Incorporating Climate Change into the San Lorenzo Watershed Management Plan

Kirsten Feifel
Posted on: 12/08/2009 - Updated on: 11/15/2021

Posted by

Kirsten Feifel

Project Summary

In 2008, the Board of the San Lorenzo Valley Water District approved a climate change resolution committing the District to reduce greenhouse gas emissions and consider the impacts of climate change in all planning documents. The Master Water Supply and Management Plans discuss how climate change will impact local water resources. Climate change is expected to cause drier and shorter wet seasons regionally, making both water conservation and efficiency priority issues for water managers.



In April 2008, the San Lorenzo Water District (SLVWD), in collaboration with nearby water districts, sponsored a local forum titled “Tools for Addressing Climate Change and Local Water Resources.” The forum addressed three key questions:

  1. What are the potential impacts of climate change on local water resources?
  2. How can local water managers plan for these impacts?
  3. How can local water agencies reduce their carbon footprint?

After the forum concluded, the SLVWD Board of Directors approved a climate change resolution mandating that all future documents and plans address climate change impacts, and mitigation and adaptation opportunities.


To assess the vulnerability of the SLVWD to climate change, the District first turned to global climate models to ascertain projected regional changes. The climate models presented a drier and shorter wet season with a 3-10°F increase in annual temperatures by 2100. These findings indicate that the total amount of water available statewide will decrease, water demand will increase, and the timing of water availability will be altered. To design a water management plan capable of addressing climate change, the SLVWD reanalyzed historical hydrological conditions and water production records dating to 1984 during which the SLVWD incurred two droughts. This analysis was then extrapolated to 2030 to infer the potential effects of climate change on water resources, assuming that future climate variability reflected historical norms. By 2030, without any supplemental water resources, the Southern Service area of the SLVWD may not have enough water to fulfill water resource demands. However, it is expected that the Northern Service area will be more resilient to climate impacts; therefore, if the Northern and Southern Service areas could be connected (an “Intertie”), some future problems could be averted.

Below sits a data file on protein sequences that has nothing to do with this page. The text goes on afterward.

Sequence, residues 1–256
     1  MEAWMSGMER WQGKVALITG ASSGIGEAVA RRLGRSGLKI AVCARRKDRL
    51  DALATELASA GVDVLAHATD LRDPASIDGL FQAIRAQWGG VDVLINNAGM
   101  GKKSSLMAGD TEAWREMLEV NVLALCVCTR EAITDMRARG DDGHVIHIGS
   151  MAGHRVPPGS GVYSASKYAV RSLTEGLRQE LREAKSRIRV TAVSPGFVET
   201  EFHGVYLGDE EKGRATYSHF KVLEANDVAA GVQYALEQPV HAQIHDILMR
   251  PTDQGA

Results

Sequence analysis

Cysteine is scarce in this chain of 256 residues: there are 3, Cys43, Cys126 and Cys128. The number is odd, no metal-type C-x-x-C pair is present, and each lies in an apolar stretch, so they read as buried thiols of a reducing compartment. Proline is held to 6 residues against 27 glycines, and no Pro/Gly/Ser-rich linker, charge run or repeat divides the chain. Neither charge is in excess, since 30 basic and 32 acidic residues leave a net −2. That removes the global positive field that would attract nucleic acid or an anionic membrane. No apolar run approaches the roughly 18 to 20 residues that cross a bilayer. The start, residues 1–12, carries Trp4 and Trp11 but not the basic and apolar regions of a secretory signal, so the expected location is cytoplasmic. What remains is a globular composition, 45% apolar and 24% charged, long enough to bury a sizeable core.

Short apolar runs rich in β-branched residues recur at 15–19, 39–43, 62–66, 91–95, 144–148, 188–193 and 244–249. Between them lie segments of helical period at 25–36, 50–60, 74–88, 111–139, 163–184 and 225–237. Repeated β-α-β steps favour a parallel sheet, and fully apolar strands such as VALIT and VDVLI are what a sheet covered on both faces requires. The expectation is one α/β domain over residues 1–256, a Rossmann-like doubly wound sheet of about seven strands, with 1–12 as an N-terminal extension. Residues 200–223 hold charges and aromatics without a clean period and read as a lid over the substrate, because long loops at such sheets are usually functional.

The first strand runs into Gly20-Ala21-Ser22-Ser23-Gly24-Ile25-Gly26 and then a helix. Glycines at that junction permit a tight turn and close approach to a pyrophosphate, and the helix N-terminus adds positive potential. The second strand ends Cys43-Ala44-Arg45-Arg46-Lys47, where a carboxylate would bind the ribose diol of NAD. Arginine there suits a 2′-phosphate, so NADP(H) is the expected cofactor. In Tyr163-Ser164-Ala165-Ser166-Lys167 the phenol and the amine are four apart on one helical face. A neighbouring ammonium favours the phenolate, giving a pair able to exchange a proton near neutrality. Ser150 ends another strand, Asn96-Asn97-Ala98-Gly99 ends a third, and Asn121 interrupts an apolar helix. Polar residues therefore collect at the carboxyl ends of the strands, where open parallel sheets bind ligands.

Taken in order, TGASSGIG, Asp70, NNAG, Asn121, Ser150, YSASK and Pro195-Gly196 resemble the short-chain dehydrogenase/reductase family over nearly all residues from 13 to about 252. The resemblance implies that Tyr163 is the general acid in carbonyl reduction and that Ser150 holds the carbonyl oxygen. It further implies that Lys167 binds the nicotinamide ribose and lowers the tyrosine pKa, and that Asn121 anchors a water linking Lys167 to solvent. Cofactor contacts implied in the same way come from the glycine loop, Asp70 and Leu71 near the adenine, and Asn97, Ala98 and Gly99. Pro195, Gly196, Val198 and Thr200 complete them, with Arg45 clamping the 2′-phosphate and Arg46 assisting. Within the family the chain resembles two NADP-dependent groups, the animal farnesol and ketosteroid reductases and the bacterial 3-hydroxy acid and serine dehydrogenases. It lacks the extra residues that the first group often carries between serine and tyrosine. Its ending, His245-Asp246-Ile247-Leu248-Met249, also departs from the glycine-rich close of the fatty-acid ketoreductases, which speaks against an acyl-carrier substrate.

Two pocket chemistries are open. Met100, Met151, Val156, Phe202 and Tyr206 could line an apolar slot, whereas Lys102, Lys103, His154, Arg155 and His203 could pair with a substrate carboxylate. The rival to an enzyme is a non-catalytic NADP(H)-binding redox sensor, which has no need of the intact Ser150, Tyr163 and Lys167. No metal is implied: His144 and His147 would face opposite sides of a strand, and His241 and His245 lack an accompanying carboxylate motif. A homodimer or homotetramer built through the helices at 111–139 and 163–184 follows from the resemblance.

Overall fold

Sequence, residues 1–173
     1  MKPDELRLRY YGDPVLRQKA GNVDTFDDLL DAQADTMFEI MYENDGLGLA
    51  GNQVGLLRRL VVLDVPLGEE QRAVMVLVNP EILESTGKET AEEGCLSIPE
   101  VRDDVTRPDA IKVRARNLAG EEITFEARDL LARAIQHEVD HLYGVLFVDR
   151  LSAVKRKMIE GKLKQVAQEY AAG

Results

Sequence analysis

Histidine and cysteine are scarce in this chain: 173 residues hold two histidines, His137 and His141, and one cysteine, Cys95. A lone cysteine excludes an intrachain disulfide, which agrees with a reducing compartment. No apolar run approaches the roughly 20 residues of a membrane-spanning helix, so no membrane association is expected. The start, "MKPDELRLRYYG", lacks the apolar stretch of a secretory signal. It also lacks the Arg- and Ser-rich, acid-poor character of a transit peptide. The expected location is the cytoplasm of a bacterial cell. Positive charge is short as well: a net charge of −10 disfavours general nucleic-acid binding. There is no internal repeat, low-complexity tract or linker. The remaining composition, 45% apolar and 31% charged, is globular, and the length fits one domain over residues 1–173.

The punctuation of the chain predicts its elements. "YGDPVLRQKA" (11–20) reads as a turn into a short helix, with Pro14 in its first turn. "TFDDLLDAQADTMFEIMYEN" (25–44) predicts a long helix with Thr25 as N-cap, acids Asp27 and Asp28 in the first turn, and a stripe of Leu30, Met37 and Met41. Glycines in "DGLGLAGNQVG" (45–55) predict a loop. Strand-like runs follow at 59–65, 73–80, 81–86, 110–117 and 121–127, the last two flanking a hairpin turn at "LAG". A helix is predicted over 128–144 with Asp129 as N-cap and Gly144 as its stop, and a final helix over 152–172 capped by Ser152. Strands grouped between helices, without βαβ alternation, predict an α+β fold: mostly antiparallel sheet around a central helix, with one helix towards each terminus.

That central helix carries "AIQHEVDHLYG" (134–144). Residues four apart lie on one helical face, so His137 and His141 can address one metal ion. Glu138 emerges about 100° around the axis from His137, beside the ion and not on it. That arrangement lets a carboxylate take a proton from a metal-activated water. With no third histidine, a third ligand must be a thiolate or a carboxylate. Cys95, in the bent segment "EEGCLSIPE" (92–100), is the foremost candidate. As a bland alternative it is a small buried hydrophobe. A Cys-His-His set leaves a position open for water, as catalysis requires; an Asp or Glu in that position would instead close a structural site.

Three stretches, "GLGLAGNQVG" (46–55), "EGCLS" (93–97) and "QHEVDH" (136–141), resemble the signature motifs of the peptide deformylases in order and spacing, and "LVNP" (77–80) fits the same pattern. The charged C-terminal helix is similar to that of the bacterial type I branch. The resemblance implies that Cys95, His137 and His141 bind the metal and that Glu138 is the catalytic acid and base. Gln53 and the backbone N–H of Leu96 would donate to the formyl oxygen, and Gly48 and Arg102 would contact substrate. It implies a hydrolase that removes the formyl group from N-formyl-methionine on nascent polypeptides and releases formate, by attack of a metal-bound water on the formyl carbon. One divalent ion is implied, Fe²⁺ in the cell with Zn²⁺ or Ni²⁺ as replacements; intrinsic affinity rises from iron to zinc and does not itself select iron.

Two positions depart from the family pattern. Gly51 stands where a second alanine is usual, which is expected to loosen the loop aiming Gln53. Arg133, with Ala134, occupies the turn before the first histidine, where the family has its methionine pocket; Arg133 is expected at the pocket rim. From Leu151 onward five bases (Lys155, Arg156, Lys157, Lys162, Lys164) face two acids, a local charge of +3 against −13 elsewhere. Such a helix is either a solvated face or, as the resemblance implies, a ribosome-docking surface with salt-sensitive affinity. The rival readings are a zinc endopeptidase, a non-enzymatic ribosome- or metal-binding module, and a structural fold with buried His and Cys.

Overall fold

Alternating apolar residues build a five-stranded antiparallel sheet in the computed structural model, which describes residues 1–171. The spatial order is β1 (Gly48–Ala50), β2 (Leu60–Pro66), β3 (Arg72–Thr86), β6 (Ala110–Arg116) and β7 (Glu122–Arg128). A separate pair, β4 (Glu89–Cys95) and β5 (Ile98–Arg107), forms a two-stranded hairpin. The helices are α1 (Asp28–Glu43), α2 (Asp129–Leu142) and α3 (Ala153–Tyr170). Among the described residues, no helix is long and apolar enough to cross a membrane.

To help the SLVWD in decision-making and to prepare for changes in water resources, two scenarios were presented:

  1. Use supplemental water only when needed to supply the Northern Service area which would then secondarily supply the Southern Service area.
  2. Routinely access supplemental waters to recharge groundwater supplies even when water demands are being met.

Ultimately, scenario 2 was recommended because it allows the SLVWD to access and utilize supplemental waters to recharge groundwater reservoirs and will lessen the likelihood that the SLVWD is in direct competition with other water districts during periods of drought.

In 2010, SLVWD released Part II of the Watershed Management Plan, which outlines the goals, objectives, and policies related to the District’s approach to watershed management. Part II also includes a section on local climate change and SLVWD’s role in addressing climate change. In 2012, SLVWD released a site-specific management plan for the Olympia Watershed property (Part III). This plan reviews existing climate conditions for the site, mitigation and adaptation options, opportunities and constraints, as well as climate change management alternatives. Adaptation priorities include addressing water supply issues and protecting watershed ecosystem functions.

Outcomes and Conclusions

The SLVWD is funded primarily from water service fees from its customers. In 2017, SLVWD directed staff to prepare a climate action plan, although these efforts have yet to be completed.


Feifel, K. (2020). Incorporating Climate Change into the San Lorenzo Watershed Management Plan [Case study on a project of the San Lorenzo Valley Water District]. Version 2.0. Product of EcoAdapt's State of Adaptation Program. Retrieved from CAKE: (Last updated October 2020)

Project Contacts

Affiliated Organizations

The San Lorenzo Water District was established in 1941 and today has over 7,500 connections serving over 22,500 people an average of 2.0 million gallons of water per day. The District’s active water sources include five stream diversions and seven groundwater wells. During the wet seasons, the District relies on surface water sources; but during the dry seasons, the District shifts its reliance to ground water aquifers.

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